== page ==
Last Friday, I got the first of the two Covid jabs. It came about by luck, as no one else I know has yet had their turn, and I am not in any of the top priority groups.
A routine doctor’s visit started it off. My doctor mentioned she had received doses for the residents of the old age home where she provides basic care. She was worried that she’d have to throw out some doses, as she had received more than she could use. “Sign me up,” I told her. And so she did.
I now am in the national database as having received the first vaccination, and have also received a personal code entitling me to the second dose whether from my doctor or the national vaccination plan.
Which, by the way, operates efficiently. You register on a website and wait to be given an appointment or make one on the site or by phone. David received his “convocation” for a jab in email (and ended up not getting it due to a contraindication). According to the anti-Covid app, 824,000 have been vaccinated so far. The health minister has said the entire population will be vaccinated by August.
There are a few obstacles that must be overcome before that can happen. While not the only country experiencing vaccine shortages, France is running out of supply and some vaccination centers are no longer accepting appointments. Then there’s the usual French skepticism about everything, with anti-vaccination sentiment the highest in Europe. How odd, for the country that pretty much invented vaccines (see: Louis Pasteur). We need 80 percent uptake for herd immunity, don’t forget.
One factor that does bode well for uptake is that the vaccine is free under the French health plan. Another is that 11 childhood vaccines have 90 percent adoption, because they are required by law and for entering school. Here’s hoping that habit transfers. And, by August, if people want to get on planes for vacation they might have to show a vaccination certificate.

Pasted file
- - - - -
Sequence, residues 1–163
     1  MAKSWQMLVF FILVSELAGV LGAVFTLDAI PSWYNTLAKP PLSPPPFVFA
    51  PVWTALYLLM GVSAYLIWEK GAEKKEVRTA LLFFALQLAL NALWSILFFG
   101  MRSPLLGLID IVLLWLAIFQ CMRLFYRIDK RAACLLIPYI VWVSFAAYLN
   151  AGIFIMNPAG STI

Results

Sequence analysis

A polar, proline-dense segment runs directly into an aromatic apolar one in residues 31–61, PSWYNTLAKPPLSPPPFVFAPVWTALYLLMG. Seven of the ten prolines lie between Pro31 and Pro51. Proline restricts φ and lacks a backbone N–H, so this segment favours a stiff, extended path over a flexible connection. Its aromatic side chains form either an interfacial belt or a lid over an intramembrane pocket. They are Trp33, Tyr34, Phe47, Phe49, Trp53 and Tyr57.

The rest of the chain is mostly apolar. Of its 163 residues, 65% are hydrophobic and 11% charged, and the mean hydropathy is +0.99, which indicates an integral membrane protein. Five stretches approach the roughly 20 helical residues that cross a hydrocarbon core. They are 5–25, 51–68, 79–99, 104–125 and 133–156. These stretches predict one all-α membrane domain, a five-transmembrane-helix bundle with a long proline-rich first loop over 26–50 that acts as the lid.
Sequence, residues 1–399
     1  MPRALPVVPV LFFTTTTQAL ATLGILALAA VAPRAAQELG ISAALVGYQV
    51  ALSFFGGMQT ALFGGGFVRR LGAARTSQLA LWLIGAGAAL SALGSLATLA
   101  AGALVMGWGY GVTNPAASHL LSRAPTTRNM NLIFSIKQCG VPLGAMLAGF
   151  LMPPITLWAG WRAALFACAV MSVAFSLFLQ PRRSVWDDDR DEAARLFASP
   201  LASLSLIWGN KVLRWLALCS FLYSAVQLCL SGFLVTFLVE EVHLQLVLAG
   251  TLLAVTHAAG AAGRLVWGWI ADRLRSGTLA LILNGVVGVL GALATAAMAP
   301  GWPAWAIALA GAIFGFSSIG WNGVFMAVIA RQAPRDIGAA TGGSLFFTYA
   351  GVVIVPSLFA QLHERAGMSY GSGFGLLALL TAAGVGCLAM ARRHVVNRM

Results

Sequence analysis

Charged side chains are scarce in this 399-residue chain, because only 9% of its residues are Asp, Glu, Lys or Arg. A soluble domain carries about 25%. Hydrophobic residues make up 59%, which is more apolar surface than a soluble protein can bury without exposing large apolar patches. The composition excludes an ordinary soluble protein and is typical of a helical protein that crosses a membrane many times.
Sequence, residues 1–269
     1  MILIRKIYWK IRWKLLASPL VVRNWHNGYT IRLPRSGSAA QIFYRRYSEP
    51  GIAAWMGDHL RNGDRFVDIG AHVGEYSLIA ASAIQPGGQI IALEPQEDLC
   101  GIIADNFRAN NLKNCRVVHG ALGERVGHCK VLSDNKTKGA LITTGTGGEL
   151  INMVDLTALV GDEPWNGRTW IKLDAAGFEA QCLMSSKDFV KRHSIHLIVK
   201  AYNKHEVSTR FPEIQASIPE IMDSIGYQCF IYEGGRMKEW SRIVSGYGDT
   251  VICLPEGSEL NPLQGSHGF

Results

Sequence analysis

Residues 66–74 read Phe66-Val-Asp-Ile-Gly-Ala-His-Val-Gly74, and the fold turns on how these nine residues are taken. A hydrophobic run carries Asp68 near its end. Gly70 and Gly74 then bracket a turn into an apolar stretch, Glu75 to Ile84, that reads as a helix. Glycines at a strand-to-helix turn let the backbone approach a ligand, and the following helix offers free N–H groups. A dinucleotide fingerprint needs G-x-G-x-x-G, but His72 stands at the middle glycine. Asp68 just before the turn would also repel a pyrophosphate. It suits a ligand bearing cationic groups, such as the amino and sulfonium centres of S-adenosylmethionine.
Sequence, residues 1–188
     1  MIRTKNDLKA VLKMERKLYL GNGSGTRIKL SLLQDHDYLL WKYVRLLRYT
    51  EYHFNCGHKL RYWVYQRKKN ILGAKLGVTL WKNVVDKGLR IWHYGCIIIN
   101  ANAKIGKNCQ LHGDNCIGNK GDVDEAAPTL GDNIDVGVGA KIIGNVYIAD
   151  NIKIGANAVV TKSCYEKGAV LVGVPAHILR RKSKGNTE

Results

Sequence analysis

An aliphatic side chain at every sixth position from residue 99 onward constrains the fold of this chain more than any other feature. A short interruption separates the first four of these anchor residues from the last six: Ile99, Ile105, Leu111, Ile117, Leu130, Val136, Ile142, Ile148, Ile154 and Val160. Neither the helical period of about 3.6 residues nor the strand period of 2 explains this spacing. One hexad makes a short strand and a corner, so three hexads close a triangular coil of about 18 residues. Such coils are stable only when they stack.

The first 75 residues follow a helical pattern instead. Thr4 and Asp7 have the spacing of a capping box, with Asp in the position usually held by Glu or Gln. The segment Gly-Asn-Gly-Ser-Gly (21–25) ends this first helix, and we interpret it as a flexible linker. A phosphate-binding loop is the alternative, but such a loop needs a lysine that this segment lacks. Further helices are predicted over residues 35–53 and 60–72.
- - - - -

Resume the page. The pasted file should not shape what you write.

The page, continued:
Meanwhile, France is one of the worst affected countries in the world. Yes, the world. The anti-Covid app reports almost 23,000 new cases in the last 24 hours, no improvement over figures from one month ago. A group of British students vacationing in Savoie have tested positive, and it might be the dreaded UK variant. I’m hearing rumors of another lockdown in February, and the health minister has not ruled it out.
My light at the end of this tunnel is the next vaccine dose. It won’t mean I can go mask-free, or that I can’t catch the virus, but it is almost certainly a guarantee I won’t get sick. By the way, I didn’t experience any side effects from the jab.
Stay safe, all.
Glad you got the first shot, Kathleen. Things here are quite chaotic in that regard, with fears of second shots not being available on a timely basis.
I hope you and David stay well and safe.
Beautiful photo 🙂
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Thanks, Kathleen! France is so organized! Sue
Well done Kathleen! I hope David will follow soon!
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